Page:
Perhaps no one had anticipated that King Gyanendra’s far right autocracy would fizzle out so soon. The people’s movement has proved that the king, his army and guns were no match against people power. However, it must not be overlooked that if it were not for the crucial role played by the Maoists and active participation of the civil society, the king’s assertive rule would not have been ended for several years.

In fact, under King Gyanendra, Nepal experienced intensified militarisation, brutal repressions and horrible violence. While mainstream theories of democracy assume that high levels of wealth and education enhance a country’s chances for democratic rule, the demise of royal rule has had an immense impact on public perceptions — it has created new space for public discussions and has terminated the dialogue for partnership with the monarchy. This political change, no doubt, is a great shift.

The monarchy has now been widely considered as a regressive force that has no relevance in real terms to most Nepalis today. Hence, it makes no sense to protect it in any form. In that sense, those who argue for monarchy are fundamentally anti-democratic and anti-people in terms of their ideology and aims. More importantly, as long as we allow the monarchy to continue, not only would traditional challenges to democratic aspirations persist but also much of the progress made during the recent wave of democratisation might prove fragile, tentative and reversible. It is unreasonable to think that any political regime, including monarchy, would last for ever when history has shown otherwise. If a backlash against democratisation is anticipated, then a declared republic would be strong enough to protect public interests from patrimonial proprietorship. The neo-liberal wave has failed because modern societies need a strong state.

Transition to democracy is a complex process in which the expectations of the society are often in contradiction with the government discourse. But it would be a mistake to fail to take the opportunity for creating a truly secure Nepal. The transition from a monarchy-dominated system to the one where democratic forces have control over the governance provides a good opportunity to examine the prevalent attitudes. Democratic exercise can be frustrating when control over public policy is divided between two opposing groups. Although House reinstatement was a step toward democracy, it would be too soon to consider it as a resounding success. There are increasing doubts whether the seven-party alliance (SPA) can deliver lasting peace, much less democracy and justice as many believe the leaders are prone to lie however revolutionary their policy might be.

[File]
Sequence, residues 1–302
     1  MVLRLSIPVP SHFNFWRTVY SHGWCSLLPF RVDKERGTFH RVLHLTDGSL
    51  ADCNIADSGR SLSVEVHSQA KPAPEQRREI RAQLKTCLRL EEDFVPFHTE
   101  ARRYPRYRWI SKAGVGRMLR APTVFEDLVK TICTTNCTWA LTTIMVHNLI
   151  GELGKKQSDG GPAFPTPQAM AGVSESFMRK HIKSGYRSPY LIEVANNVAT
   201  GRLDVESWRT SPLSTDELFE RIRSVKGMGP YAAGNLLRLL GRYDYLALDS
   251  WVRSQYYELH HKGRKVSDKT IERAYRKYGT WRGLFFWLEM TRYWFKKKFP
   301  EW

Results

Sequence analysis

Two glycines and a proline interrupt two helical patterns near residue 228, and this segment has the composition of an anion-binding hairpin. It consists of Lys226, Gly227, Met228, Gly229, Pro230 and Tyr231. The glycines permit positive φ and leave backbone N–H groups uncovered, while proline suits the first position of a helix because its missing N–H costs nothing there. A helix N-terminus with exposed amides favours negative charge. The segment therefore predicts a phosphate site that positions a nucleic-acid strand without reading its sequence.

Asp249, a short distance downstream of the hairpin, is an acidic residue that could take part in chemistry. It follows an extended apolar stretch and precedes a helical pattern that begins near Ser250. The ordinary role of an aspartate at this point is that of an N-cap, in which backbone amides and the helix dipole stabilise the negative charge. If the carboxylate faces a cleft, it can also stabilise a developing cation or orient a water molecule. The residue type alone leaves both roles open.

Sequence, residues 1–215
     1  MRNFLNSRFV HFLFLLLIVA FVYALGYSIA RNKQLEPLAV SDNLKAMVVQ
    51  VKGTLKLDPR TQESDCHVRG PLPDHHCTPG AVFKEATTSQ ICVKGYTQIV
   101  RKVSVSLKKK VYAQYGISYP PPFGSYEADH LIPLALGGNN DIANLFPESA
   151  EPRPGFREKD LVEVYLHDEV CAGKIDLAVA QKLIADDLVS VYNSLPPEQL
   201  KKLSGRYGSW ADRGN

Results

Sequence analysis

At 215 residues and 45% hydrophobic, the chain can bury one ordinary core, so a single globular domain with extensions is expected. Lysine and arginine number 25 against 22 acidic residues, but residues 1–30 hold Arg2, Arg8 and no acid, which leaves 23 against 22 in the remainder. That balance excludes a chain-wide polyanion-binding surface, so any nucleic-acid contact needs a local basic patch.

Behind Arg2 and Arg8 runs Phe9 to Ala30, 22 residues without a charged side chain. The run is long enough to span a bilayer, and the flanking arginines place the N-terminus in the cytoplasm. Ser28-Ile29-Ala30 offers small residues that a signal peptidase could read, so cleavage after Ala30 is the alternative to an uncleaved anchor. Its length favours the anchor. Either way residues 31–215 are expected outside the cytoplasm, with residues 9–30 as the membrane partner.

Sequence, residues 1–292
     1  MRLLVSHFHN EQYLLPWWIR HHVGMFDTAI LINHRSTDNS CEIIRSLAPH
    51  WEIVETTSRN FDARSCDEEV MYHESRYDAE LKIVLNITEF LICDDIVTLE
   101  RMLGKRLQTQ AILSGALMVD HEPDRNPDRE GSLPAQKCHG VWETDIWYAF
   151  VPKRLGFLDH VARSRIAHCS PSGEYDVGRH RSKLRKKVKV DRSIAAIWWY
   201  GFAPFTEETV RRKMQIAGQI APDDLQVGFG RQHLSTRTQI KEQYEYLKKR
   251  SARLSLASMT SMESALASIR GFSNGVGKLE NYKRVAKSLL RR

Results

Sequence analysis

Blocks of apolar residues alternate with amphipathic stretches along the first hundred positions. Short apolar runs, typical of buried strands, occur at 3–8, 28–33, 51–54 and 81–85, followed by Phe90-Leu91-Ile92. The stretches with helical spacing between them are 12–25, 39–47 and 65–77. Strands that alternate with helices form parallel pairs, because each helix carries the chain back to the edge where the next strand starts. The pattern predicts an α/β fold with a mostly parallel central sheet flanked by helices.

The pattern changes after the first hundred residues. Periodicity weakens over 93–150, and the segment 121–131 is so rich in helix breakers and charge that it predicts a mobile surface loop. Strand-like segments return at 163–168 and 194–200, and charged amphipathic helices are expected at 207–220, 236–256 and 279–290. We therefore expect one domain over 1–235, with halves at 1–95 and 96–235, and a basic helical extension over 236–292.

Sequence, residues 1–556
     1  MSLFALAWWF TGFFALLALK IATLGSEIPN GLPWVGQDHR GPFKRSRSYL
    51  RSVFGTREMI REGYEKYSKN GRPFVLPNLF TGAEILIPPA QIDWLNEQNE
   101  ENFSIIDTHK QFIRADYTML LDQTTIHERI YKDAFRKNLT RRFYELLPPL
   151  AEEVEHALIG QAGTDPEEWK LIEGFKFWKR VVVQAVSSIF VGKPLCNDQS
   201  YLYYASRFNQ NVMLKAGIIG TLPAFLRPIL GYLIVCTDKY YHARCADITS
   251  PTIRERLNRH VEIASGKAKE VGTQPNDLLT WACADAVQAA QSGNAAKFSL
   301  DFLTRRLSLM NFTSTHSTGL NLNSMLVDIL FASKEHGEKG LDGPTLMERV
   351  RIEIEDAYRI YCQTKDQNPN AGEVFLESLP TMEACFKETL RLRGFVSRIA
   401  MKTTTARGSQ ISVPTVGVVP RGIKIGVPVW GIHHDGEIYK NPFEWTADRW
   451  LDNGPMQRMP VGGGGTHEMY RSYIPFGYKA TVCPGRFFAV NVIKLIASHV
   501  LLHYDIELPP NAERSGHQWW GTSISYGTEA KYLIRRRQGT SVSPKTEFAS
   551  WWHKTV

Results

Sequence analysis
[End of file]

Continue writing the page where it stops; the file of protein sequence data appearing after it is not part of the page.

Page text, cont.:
Any political observer can trace the undercurrents of three political ideologies — conservatism, liberalism and socialism. The national-level dialogue between the SPA and rebels on the future dispensation is a welcome development. With regard to Maoist insurgency, it may be recalled that England’s civil war in the mid-17th century had, after all, assured stability under parliament and a limited monarchy for centuries. But first there had to be a war and killings, including the decapitation of King Charles I who had claimed absolute power by the divine right. The US had its own civil war two centuries later, which established the rule that a state cannot leave the union alone or in company and abolished slavery in the process. Nepal’s war is no different.

Many things have changed since the demise of autocracy. Yet, we are considering retaining the outdated parliament. One might even suspect a conspiracy of the SPA leaders who are completely obsessed with maintaining their power, and who seem to think that they have the divine right to govern, ignoring the fact that there must be a stable, functioning government, society and culture in which conflicts are settled through negotiations. The people feel that the parties in parliament do not represent their interests. We thus need a fresh, strong and principled leadership to construct a nation on the basis of democratic values. Focusing only on one’s own interests ignores the political dimension of insurgency and thereby makes it more difficult to negotiate with the Maoists. The politics of self-legislation undermines the autonomy on which all political freedoms depend.

Democracy must be inclusive but it cannot be so unless politically active segments of the population have a voice in the system. It would be foolish for the parliamentarians to put all the bets on a single horse. Even if parliament is necessary, it also implies that a backlash is probable from the monarchy and other belligerent elements. This proposition creates a problem for peace because institutionalising uncertainty may cause chaos. What we now need is an interim statute with a set of rules and a new division of power between the rebels and the levels of government to settle the process of constituent assembly. This process must be speeded up.

Thapa is professor of Politics, TU